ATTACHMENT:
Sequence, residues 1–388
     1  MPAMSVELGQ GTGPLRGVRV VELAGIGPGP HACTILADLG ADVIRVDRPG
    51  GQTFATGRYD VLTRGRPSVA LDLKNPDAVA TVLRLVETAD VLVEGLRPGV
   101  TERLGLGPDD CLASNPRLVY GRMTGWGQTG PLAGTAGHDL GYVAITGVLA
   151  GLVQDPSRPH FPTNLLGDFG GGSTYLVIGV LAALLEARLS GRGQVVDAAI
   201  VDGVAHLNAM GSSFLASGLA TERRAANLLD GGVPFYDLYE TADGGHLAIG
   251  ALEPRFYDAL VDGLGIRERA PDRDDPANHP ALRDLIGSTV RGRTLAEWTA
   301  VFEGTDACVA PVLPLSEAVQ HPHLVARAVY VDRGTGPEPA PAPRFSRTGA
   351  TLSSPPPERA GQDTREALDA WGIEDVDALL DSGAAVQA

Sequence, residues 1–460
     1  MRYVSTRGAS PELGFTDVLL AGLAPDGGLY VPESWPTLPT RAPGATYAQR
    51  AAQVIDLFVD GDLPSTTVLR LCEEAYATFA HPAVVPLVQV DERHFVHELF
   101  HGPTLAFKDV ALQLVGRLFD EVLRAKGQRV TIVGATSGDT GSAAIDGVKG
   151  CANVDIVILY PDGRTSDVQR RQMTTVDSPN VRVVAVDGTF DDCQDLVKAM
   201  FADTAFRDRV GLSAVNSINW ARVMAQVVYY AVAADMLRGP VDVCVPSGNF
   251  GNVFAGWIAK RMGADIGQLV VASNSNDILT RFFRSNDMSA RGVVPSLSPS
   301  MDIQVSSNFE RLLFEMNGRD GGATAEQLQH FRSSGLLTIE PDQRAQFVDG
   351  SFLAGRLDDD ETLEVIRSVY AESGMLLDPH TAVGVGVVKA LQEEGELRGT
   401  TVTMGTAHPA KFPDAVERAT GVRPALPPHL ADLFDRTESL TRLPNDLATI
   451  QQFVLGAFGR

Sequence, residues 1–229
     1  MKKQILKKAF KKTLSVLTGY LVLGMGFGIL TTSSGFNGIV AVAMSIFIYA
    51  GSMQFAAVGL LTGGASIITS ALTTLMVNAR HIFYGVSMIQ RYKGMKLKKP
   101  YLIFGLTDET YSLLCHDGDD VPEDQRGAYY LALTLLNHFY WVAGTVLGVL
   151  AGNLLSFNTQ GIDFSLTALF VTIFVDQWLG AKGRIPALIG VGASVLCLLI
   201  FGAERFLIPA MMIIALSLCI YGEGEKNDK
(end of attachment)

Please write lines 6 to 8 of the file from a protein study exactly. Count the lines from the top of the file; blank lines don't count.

   201  VDGVAHLNAM GSSFLASGLA TERRAANLLD GGVPFYDLYE TADGGHLAIG
   251  ALEPRFYDAL VDGLGIRERA PDRDDPANHP ALRDLIGSTV RGRTLAEWTA
   301  VFEGTDACVA PVLPLSEAVQ HPHLVARAVY VDRGTGPEPA PAPRFSRTGA